Raytheon to provide soldiers with mobile translation system

When completed, the Army will have a system that can be used on a variety of operating systems and mobile platforms.

Raytheon has won a $5.5 million Army contract to develop a two-way communication and translation system.

The goal is to give the Army a system that can be used on a variety of operating systems and platforms, including portable, mobile and net-enabled devices, according to a Jan. 17 Raytheon announcement, which did not mention the length of the contract.

Raytheon BBN Technologies, a subsidiary of Raytheon Co., will develop prototype systems for two-way, speech-to-speech translation, document translation, and text-to-text translation.

This capability will allow users to communicate with non-English speakers as well as to screen and translate printed or electronic text.

In the initial technology development phase, BBN will develop the software architecture and implement it on prototypes in portable, mobile and net-enabled configurations.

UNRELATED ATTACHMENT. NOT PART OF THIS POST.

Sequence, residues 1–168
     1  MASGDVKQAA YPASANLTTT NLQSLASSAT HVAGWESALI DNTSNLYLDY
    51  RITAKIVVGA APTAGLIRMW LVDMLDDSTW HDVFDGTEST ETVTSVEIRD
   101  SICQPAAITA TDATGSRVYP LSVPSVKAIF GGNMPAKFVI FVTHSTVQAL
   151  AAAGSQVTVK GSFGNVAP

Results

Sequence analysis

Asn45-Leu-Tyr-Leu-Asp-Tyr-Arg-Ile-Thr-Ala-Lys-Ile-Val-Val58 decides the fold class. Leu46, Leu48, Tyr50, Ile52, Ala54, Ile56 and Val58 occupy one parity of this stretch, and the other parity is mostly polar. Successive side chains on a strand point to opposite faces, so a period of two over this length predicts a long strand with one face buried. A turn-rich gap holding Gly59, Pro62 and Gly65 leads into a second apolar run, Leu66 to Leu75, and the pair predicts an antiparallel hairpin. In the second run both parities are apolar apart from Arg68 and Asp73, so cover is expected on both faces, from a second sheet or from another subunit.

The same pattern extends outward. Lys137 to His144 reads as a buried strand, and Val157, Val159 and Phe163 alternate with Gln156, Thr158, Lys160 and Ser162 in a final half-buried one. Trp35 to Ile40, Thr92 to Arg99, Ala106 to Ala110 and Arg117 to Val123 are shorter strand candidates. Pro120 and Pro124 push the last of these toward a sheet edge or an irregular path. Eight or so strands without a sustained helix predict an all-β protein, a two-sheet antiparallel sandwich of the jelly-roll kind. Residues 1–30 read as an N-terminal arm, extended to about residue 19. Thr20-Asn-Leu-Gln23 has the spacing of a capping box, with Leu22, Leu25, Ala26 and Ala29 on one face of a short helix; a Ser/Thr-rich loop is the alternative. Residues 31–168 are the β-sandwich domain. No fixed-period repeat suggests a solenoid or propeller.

"There simply are not enough human translators available to meet the Army's needs, and previous translation devices have restricted users to a selection of canned phrases," explained Prem Natarajan, head of Raytheon BBN’s speech, language and multimedia processing unit, in the announcement.

"The Machine Foreign Language Translation Systems program offers the promise of a complete communications solution for unrestricted speech and text across a variety of platforms -- from server-based systems to portable units for mobile use," he said.

Raytheon Co., of Waltham, Mass., ranks No. 4 on Washington Technology’s 2011 Top 100 list of the largest federal government contractors.